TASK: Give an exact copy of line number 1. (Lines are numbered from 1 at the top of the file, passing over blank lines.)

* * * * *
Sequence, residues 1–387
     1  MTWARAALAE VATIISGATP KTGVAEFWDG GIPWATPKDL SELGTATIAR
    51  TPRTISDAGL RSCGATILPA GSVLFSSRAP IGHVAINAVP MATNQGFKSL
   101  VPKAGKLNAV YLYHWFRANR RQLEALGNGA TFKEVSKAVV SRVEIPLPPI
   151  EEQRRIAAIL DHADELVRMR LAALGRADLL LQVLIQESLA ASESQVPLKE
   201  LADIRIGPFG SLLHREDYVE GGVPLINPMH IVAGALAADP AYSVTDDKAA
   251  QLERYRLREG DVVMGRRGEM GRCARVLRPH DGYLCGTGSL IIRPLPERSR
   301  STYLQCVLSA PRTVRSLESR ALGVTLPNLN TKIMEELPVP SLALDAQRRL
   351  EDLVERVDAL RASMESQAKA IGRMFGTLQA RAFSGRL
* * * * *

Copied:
Sequence, residues 1–387